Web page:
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Moderating Role of Child Personality Factors on the Relation Between Parenting Style, Child Maltreatment and Behavior Problems in Bungoma County, Kenya.

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dc.contributor.author AYIRO, Lylian
dc.date.accessioned 2021-06-16T09:28:26Z
dc.date.available 2021-06-16T09:28:26Z
dc.date.issued 2020
dc.identifier.uri https://repository.maseno.ac.ke/handle/123456789/3983
dc.description.abstract Studies indicate that parenting style is associated with child maltreatment and behavior problems. Little is known about factors such as child personality that can affect this association and studies on the relationship between fathers‟ parenting practices and child behavior remain scarce. Reports by Child Line Kenya indicate an increase in cases of child maltreatment in Bungoma County. Between 2014 and 2016, the County held the 6th position out of 47 counties with highest cases of child maltreatment. In 2018, it moved to the 3rd position surpassing Kisumu, Nakuru and Uasin Gishu counties which had earlier recorded higher cases of maltreatment. The drastic increase in cases of child maltreatment in Bungoma County gave the impetus to carry out the study. This study sought to establish the moderating role of child personality factors on the relation between parenting style, maltreatment and behavior problems among children in middle childhood in Bungoma County. The objectives of the study were to: establish parenting styles present among parents from Bungoma County; determine the level of maltreatment of children by mothers and fathers; evaluate the relation between parenting style, child maltreatment and child internalizing and externalizing behavior problems; establish the moderating role of child personality factors in the association between parenting style and child maltreatment; and finally determine the moderating role of child personality in the association between maltreatment and internalizing and externalizing behavior problems among children in middle childhood. The study was carried out in Bungoma North, East, West, South, Central, Webuye West and Mt. Elgon sub counties. A conceptual model by Holden (1990) and Baron and Kenny (1986) was used to show the association between parenting style, child maltreatment, internalizing and externalizing behavior problems and personality factors. Cross sectional, descriptive survey and correlational designs were used. Multi-stage and simple random sampling techniques were employed. Krejcie and Morgan‟s (1970) sample size estimating table was used to determine the sample size. A total of 384 children aged 7-10 years were sampled out 226,165 children aged 5-10 years who were residents of Bungoma in the year 2016.The parents of these children, 384 mothers and 384 fathers were targeted. Data of 155 fathers and 140 mothers was used in the analysis. Face and content validity of instruments used were ascertained before the start of the study. Test-retest reliabilities for the instruments were: Parenting Style and Dimension Questionnaire (r = .72), Parent Child Conflict Scale (r = .70), Child Behavior Checklist (r = .76) and Big Five Personality Questionnaire for Children (r = .74). Data was analyzed using descriptive statistics, bivariate correlation and hierarchical regression analysis. It was found that mothers predominantly used authoritative parenting styles 48(34.3%) and fathers used authoritarian parenting style 60(38.9%). Results showed that mothers maltreated children more than fathers (M = 1.67, SD = .52) and (M = 1.51, SD = .52), t = -2.72, df = 107, p =.01 and there were no significant differences in maltreatment of boys and girls by mothers: boys (M = 1.66, SD = .43) and girls (M = 1.67, SD = .49), t =-.20, df = 136, p = .84).There were also no significant differences in maltreatment of boys and girls by fathers: boys (M = 1.60, SD = .43) and girls (M = 1.50, SD = .41), t = 1.46, df = 153, p = .15). Results showed that mothers‟ and fathers‟ parenting style were significantly associated with child maltreatment, β = .25 (p = .01) and β = .17 (p = .04) respectively. Maltreatment by mothers was associated with child internalizing and externalizing behavior β = .46 (p = .00) and β = .44 (p = .00) respectively. Similarly, maltreatment by fathers was associated with child internalizing and externalizing behavior β = .22 (p = .01) and β = .33 (p = .00) respectively. Openness, Agreeableness, Conscientiousness and Neuroticism moderated the association between maltreatment by mothers and child‟s behavior problems. Openness and Extraversion moderated the association between maltreatment by fathers and externalizing behavior. The findings offer a new understanding of the moderating role of child personality factors in the association between child maltreatment and behavior problems. en_US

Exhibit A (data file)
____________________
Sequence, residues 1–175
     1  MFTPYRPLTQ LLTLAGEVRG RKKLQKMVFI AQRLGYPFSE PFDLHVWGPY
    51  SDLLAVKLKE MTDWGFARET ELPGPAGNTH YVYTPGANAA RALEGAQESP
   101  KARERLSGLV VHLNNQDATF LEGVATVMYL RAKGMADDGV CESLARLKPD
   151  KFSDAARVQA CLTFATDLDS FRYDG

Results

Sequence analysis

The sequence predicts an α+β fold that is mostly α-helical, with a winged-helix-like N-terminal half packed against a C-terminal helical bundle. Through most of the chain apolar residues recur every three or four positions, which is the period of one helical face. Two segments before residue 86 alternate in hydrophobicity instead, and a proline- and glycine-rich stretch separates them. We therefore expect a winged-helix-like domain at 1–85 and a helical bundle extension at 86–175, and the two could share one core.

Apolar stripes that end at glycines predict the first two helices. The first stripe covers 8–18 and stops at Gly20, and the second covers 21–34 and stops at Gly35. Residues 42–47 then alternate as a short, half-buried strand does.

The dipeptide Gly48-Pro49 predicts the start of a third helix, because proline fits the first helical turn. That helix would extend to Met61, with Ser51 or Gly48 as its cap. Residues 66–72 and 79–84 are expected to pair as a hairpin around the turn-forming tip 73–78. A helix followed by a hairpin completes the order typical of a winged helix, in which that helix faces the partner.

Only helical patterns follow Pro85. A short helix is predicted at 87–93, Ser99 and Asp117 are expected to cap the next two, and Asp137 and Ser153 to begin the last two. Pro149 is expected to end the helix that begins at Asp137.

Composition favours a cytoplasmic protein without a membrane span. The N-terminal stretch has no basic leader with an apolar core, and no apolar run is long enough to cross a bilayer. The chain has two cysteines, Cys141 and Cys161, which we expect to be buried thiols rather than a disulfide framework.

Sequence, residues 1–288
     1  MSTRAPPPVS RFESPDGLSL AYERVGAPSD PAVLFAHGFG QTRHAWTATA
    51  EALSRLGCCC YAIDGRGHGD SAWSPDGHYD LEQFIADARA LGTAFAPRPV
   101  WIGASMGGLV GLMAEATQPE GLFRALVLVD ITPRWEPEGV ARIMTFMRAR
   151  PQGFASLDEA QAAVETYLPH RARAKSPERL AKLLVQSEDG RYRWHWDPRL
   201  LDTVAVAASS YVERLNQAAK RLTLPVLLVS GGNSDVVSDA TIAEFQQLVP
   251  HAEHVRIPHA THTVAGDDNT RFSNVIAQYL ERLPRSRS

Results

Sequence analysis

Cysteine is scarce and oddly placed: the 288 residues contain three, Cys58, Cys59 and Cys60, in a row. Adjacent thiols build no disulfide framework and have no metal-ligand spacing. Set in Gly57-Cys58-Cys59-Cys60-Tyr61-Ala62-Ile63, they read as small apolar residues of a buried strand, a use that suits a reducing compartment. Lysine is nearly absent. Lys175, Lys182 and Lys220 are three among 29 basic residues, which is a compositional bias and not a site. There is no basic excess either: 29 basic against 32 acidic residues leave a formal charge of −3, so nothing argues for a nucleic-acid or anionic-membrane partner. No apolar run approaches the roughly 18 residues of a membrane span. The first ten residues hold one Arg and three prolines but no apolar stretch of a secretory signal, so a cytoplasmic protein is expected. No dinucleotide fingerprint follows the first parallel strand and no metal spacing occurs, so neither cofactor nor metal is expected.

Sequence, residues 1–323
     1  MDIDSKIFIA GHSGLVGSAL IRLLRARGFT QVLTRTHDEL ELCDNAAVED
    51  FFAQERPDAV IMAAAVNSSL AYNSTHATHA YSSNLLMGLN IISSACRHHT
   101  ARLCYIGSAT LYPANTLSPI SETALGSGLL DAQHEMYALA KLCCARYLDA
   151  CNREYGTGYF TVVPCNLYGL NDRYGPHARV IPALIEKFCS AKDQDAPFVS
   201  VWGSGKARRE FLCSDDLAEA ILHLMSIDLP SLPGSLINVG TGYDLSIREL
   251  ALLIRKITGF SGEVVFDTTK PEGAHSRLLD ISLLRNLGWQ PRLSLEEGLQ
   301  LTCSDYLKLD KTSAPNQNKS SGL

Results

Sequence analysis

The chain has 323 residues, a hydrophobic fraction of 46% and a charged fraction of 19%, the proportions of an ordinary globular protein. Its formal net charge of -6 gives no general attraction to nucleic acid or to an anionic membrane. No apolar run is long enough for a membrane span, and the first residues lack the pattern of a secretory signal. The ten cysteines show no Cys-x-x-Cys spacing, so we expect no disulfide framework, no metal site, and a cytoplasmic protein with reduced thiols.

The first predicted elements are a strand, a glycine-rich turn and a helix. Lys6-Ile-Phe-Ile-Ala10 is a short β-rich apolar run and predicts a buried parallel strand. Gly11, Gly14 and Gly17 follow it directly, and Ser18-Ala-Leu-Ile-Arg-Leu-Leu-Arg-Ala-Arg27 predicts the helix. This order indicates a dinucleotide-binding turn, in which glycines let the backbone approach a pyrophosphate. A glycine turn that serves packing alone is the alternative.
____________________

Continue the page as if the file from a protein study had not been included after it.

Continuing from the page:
dc.publisher Maseno University en_US
dc.title Moderating Role of Child Personality Factors on the Relation Between Parenting Style, Child Maltreatment and Behavior Problems in Bungoma County, Kenya. en_US
dc.type Thesis en_US


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